By Vivian Okejeme, Abuja
Justice Inyang Ekwo of a Federal High Court, Abuja, has dismissed the objection raised by the National Judicial Council (NJC) against the hearing of a suit instituted by a dismissed Judge, Rita Ofili Ajumogobia, to challenge her dismissal.
The embattled Justice Ajumogobia was in 2018, dismissed as a Judge of the FHC from the service of the Federal Judicial Service Commission (FJSC) by the NJC on ground of alleged gross judicial misconduct.
Sequel to the sack, Justice Ajumogobia instituted an action at the Federal High Court, Abuja challenging the process adopted by the fact finding committee of the NJC that led to her dismissal.
Other defendants in the matter are the Attorney General of the Federation, President Muhammadu Buhari, Justice Olufemi Akintan, Justice Ishaq Bello and Justice Julieth Kentu.
Before the court, the Judge prayed it declare as illegal, unconstitutional, unlawful, null and void the report of the fact finding committee that recommended her dismissal.
She contended that her fundamental right to fair hearing was breeched in the ways and manners she was dismissed from the court bench.
Responding, the NJC and other defendant’s in the matter filed separate preliminary objections against the hearing of the suit on the ground that the Federal High Court has no jurisdiction to entertain such a matter.
They argued that being a labour related matter involving an employment, the plaintiff ought to have gone to the National Industrial Court to ventilate her grievances.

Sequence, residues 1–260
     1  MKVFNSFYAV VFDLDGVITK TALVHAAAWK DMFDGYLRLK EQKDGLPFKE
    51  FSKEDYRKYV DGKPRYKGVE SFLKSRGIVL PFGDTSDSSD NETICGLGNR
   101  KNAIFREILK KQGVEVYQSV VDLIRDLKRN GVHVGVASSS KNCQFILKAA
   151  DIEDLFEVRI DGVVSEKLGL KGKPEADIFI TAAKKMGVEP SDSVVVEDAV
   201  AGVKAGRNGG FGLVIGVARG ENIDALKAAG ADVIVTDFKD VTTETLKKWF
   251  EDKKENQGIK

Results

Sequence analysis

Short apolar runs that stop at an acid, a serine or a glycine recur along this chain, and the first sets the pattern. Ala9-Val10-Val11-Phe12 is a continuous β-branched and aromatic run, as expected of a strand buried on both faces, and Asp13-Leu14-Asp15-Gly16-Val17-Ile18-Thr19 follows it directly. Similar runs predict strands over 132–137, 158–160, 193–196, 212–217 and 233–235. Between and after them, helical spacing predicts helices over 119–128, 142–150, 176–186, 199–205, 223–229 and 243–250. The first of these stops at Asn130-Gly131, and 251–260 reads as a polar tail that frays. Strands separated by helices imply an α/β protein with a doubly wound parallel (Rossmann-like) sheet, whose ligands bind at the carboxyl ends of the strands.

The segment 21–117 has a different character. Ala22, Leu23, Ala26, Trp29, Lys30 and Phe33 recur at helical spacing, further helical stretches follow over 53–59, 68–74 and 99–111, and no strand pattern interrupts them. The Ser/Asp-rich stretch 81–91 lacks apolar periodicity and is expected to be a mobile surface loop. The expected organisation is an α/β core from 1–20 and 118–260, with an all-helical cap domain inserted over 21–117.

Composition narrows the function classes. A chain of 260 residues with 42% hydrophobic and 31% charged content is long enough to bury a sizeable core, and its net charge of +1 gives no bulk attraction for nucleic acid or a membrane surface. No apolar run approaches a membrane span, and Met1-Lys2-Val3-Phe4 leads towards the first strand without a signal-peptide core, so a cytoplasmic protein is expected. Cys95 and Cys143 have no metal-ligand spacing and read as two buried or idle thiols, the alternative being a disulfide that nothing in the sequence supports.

They denied the claim of the denial of fair hearing by the judge as well as posited that the case was statute-barred having not been instituted within three months as required by the Public Officers Protection Act.
Specifically, they claimed that Section 2 of the Public Officers Protection Act makes it mandatory for such a matter to be instituted within three months for the matter to be competent.
Justice Ajumogobia in her counter affidavit had prayed Justice Inyang Ekwo to dismiss the objection to her suit on the ground that she was challenging constitutionality of her dismissal
In his ruling, Justice Ekwo dismissed all the objections on the ground that they were misplaced and that the claim of the plaintiff misconstrued.
The Judge held that Justice Ajumogobia raised constitutional issues bordering on denial of fair hearing in the manner she was dismissed.
Justice Ekwo further held that the case of the plaintiff did not fall under the provision of the Public Officers Protection Act as claimed by the NJC and as such, was not statute bar.
The judge therefore held that the plaintiff claim, being a constitutional matter can only be heard by a Federal High Court and not a National Industrial Court as canvassed by the NJC.
The Judge therefore fixed April 5,6 and 7, for hearing of the substantive matter.